Thursday, July 26, 2012

A Tale of Two Cities, Charles Dickens

It was the best of times, it was the worst of times, it was the age of wisdom, it was the age of foolishness, it was the epoch of belief, it was the epoch of incredulity, it was the season of Light, it was the season of Darkness, it was the spring of hope, it was the winter of despair, we had everything before us, we had nothing before us, we were all going direct to Heaven, we were all going direct the other way- in short, the period was so far like the present period, that some of its noisiest authorities insisted on its being received, for good or for evil, in the superlative degree of comparison only.

A Tale of Two Cities is one of the most famous novels by Charles Dickens. It is a historical novel, set during the bloody period of the French Revolution. The ageing Doctor Manette is released from the Bastille after eighteen years and reunited with his daughter Lucie in England. Two very different men, Charles Darnay, a French aristocrat in exile and Sydney Carton a disreputable but brilliant lawyer, fall in love with Lucie. "From the tranquil roads of London, they are drawn against their will to the vengeful, bloodstained streets of Paris at the height of the Reign of Terror, and they soon fall under the lethal shadow of La Guillotine."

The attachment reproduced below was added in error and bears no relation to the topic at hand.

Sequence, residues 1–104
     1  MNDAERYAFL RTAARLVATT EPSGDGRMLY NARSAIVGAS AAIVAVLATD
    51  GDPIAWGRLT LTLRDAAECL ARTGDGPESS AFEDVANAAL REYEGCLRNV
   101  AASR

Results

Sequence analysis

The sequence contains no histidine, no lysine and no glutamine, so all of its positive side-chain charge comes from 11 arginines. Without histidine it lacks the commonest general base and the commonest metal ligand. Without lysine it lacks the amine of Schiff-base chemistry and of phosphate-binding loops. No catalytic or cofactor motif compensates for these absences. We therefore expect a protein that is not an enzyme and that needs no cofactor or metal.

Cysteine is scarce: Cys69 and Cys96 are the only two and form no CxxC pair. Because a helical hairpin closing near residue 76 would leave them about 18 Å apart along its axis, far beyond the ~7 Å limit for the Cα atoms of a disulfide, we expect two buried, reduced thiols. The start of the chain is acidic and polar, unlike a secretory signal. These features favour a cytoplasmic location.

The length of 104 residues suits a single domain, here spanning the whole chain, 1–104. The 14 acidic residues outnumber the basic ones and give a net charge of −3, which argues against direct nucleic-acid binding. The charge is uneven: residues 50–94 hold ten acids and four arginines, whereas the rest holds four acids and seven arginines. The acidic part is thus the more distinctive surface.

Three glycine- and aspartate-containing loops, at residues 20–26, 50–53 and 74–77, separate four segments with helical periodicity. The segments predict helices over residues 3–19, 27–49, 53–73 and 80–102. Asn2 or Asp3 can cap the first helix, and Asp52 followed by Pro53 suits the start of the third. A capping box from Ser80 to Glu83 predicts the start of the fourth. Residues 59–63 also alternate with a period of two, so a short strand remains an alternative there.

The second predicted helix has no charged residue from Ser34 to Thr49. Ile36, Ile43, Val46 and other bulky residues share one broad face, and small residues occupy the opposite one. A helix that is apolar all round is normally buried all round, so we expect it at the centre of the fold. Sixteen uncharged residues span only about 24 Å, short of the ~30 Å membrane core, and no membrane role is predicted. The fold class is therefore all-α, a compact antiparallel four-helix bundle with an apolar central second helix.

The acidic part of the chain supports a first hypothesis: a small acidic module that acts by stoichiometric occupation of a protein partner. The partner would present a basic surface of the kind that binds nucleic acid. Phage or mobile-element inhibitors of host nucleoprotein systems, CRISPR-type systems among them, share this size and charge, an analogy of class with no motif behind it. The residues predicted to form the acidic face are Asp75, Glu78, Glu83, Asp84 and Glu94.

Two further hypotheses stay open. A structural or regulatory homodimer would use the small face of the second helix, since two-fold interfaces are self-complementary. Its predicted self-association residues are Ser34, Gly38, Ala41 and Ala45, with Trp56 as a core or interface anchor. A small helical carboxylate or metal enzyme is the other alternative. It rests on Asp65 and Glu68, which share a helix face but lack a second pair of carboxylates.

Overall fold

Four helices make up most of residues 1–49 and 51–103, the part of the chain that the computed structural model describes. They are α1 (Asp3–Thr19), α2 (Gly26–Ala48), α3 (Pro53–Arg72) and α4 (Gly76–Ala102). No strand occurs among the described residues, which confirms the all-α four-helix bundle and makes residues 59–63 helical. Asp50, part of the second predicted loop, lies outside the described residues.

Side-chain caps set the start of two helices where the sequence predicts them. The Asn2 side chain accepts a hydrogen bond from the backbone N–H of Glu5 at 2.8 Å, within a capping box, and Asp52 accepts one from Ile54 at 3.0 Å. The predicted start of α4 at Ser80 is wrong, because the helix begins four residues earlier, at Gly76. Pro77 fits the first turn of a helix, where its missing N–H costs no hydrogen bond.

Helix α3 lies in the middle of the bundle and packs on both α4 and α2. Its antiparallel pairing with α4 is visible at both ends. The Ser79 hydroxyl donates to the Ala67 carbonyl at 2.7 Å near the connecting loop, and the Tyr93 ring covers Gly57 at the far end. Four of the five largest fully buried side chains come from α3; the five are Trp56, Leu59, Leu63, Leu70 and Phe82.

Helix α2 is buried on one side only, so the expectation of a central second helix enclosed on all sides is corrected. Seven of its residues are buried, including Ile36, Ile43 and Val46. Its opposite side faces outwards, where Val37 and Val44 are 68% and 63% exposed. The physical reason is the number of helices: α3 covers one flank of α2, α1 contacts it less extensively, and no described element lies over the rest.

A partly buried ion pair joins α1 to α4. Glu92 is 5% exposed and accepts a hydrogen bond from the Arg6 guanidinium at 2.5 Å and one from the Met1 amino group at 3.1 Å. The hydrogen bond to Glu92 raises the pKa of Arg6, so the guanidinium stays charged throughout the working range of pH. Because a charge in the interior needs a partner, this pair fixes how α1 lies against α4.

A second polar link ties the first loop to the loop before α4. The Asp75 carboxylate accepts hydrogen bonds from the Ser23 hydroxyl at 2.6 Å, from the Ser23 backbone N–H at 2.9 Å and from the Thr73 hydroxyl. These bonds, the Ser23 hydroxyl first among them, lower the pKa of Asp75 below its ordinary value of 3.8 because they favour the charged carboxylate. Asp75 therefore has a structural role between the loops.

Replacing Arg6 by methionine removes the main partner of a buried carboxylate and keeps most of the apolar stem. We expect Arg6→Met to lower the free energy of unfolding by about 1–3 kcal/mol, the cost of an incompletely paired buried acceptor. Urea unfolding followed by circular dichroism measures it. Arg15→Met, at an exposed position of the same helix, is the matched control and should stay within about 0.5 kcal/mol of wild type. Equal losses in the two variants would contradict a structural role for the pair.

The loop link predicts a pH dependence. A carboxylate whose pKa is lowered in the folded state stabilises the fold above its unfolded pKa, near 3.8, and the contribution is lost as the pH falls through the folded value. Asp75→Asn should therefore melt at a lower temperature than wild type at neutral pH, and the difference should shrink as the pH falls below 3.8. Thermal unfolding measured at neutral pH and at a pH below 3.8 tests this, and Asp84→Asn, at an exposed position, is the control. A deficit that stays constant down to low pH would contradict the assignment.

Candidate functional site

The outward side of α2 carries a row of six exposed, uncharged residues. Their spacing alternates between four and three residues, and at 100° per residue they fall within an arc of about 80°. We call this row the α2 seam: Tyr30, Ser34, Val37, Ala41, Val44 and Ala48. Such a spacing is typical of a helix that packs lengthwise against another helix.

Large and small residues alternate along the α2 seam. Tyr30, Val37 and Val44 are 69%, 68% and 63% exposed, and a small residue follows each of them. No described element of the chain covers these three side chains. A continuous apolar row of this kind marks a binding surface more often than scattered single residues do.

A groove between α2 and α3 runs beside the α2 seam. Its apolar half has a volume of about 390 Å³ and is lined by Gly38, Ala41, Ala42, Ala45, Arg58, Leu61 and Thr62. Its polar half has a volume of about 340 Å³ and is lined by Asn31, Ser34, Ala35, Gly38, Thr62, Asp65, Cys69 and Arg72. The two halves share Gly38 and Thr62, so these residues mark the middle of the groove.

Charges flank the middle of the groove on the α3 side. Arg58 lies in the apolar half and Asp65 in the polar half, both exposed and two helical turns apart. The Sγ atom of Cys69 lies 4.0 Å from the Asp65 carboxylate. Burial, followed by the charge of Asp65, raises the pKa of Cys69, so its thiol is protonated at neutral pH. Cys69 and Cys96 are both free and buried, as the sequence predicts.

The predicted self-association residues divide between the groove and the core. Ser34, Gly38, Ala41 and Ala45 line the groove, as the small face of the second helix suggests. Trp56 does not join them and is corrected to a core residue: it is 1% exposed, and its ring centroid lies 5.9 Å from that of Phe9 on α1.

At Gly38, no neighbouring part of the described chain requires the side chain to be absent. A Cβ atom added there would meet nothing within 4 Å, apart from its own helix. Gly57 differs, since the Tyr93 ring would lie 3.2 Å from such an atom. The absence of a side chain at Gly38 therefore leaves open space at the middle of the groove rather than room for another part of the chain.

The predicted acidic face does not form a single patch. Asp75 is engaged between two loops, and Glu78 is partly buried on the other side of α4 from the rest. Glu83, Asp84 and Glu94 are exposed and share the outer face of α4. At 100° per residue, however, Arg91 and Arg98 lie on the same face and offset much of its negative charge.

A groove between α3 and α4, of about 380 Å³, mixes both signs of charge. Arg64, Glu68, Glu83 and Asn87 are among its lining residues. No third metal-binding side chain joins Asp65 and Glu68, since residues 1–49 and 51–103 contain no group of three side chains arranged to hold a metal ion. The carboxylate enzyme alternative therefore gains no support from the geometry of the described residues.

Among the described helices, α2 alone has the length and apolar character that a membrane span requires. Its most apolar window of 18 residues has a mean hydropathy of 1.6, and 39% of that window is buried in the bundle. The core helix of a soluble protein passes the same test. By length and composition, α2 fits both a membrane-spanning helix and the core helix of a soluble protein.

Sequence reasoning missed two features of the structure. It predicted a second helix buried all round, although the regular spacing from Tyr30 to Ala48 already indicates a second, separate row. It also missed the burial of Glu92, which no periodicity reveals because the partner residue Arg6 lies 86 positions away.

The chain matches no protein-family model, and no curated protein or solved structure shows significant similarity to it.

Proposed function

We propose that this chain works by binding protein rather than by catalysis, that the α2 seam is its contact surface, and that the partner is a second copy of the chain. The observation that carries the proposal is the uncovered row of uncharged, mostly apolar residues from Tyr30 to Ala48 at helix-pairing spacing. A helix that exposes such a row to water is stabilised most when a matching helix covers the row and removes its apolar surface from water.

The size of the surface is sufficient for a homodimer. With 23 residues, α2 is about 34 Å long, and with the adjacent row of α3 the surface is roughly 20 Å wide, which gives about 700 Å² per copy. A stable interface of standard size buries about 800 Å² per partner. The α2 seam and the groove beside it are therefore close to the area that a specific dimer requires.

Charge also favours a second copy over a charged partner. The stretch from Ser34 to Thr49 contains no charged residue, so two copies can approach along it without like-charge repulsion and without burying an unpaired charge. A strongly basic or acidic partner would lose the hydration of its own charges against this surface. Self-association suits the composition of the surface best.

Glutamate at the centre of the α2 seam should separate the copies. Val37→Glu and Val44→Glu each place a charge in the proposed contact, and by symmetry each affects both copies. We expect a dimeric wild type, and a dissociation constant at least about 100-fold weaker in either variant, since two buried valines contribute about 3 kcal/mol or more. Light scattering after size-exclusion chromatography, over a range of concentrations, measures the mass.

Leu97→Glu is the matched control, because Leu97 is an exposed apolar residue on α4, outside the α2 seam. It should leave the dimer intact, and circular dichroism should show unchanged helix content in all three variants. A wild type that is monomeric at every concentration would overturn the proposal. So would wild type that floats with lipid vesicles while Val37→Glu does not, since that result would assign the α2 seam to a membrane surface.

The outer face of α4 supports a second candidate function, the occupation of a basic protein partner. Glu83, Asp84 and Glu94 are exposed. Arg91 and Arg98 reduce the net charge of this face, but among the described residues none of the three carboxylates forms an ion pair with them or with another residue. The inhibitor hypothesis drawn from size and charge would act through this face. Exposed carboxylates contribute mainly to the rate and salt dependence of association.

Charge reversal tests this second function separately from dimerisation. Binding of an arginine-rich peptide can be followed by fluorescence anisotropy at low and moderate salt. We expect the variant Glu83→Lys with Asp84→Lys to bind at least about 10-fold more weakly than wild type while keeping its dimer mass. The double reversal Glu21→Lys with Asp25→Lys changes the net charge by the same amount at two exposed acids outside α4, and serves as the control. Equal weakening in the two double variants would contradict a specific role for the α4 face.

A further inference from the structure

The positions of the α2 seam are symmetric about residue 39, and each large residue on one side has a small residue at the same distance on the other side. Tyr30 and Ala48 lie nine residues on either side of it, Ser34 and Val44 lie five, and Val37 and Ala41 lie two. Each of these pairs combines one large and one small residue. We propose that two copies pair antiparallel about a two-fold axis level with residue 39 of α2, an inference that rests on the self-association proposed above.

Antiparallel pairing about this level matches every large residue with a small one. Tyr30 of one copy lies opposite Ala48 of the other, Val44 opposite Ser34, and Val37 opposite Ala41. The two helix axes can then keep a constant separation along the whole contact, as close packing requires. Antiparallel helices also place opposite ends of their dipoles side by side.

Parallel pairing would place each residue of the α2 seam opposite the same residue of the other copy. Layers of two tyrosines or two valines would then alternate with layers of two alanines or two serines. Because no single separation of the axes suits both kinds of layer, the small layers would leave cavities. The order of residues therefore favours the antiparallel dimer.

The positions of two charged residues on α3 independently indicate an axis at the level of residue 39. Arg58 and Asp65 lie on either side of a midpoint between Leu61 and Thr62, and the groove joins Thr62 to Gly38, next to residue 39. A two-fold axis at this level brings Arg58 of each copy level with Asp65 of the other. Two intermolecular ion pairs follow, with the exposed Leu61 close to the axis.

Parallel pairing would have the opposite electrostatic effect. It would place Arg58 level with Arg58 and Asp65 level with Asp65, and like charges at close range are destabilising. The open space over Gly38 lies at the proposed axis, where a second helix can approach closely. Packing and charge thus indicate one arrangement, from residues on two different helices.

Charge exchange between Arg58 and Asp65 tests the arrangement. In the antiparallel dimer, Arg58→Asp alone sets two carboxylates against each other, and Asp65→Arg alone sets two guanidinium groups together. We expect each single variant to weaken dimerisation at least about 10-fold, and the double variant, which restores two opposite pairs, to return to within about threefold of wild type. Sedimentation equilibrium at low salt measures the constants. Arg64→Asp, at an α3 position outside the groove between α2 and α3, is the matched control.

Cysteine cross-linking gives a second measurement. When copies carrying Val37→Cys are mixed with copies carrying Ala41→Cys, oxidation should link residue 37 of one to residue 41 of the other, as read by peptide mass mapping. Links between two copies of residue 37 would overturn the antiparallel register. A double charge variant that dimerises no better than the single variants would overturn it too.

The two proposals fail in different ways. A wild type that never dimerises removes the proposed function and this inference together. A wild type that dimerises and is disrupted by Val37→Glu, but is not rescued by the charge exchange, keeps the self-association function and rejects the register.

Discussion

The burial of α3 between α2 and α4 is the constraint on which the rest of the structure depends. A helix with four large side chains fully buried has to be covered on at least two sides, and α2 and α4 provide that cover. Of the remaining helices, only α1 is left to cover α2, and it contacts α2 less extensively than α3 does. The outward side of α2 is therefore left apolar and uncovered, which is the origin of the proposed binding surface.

Dickens really portrays the madness and uncertainty of the period well. The French people were (understandably) angry at the nobility and went wild with chopping off everyone's head. A Tale of Two Cities both illustrates the period, and also tells a personal tale of Lucie Manette, Charles Darnay, and Sydney Carrton. I really enjoyed A Tale of Two Cities; it was probably my favorite Dickens novel so far, even more than Great Expectations. The writing wasn't too overwritten for Dickens, and it was about the French Revolution, a period I'm interested in. I really cared about the characters, even though I knew the ultimate ending already (I had seen part of the film.) I'm planning to see the whole film with Ronald Colman soon. If you're a fan of Charles Dickens and haven't read this one yet, it's a must-read.

Read A Tale of Two Cities:
  • if you like Charles Dickens
  • if you are interested in the French Revolution
  • if you like historical fiction
390 pages, 5 stars.

1 comment:

  1. I read that book for my classic! Loved it! Btw, if you're interested in the French Revolution (I'm not sure how to attach a link, but...) and

    as explained by John Green. Not spam, I promise :)